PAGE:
Daughter of 1 of 3 disappeared women in Mexico has not lost hope

Photo of author

By admin

PEÑITAS, Texas. The daughter of one of two sisters from Texas who went missing in Mexico along with her friend three weeks ago while traveling to a flea market says she has not given up hope that they will be found.

“We are waiting for them to come home,” María Guadalupe Ramírez, 27, told KRGV-TV in Weslaco.

The FBI said in a statement Thursday that it could not comment on the investigation, but said the agency “relentlessly pursues all options when it comes to protecting the American people, and that doesn’t change when they’re in danger on the other side of the border”.

The three women: Ramírez’s mother, Marina Pérez Ríos, 48; Ramírez’s aunt, Maritza Trinidad Pérez Ríos, 47; and her friend, Dora Alicia Cervantes Sáenz, 53, were on their way to a flea market to sell clothes in the Mexican city of Montemorelos, in the state of Nuevo León. The state attorney’s office in Nuevo León has said it is investigating the woman’s disappearance.

The sisters live in Peñitas, a small Texas border town near McAllen, and are legal US residents, while their friend, Saenz, lives in Mexico, KRGV reported.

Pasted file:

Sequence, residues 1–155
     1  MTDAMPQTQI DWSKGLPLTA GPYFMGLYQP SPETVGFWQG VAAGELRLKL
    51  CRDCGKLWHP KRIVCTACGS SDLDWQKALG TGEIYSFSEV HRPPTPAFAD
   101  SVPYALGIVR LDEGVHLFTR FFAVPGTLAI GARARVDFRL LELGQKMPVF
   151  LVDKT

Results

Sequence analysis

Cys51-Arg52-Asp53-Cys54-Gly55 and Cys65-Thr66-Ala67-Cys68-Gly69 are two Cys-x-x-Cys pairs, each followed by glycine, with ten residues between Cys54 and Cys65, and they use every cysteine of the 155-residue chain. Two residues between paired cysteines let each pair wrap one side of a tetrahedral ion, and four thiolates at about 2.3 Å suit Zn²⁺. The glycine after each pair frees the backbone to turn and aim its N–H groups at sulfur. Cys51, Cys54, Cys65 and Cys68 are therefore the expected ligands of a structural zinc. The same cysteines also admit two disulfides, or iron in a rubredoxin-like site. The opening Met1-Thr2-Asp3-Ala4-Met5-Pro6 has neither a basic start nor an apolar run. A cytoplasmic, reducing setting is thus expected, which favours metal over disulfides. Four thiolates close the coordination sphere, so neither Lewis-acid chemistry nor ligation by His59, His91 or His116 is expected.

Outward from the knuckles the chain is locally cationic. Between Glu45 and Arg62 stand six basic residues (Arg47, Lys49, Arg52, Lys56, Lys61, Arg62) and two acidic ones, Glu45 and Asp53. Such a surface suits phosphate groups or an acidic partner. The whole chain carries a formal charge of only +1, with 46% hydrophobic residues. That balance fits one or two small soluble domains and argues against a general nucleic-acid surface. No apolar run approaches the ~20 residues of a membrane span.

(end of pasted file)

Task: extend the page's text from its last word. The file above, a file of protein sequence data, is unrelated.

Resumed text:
Ramírez, who spoke with KRGV on Tuesday, said he has been in contact with Mexican authorities. She told the television station that her mother and her aunt, who grew up in Nuevo León, have made the trip to the market several times.

“They had fun hanging out, meeting new people,” Ramírez told KRGV.

Ramirez told The Monitor in McAllen that the last time she spoke to her mother was on February 25, the day after her mother and aunt crossed the border into Mexico.

Another case of Americans going missing in Mexico received a flood of attention earlier this month when their March 3 kidnapping was caught on video after a drug cartel shootout in Matamoros. That case was solved in a matter of days when the four were found in a wooden shack. Two were alive and two were dead.

The massive search for the four kidnapped Americans involved squads of Mexican soldiers and National Guard troops. But for most of the 112,000 missing Mexicans across the country, the only ones looking for them are their desperate relatives.

Leave a Comment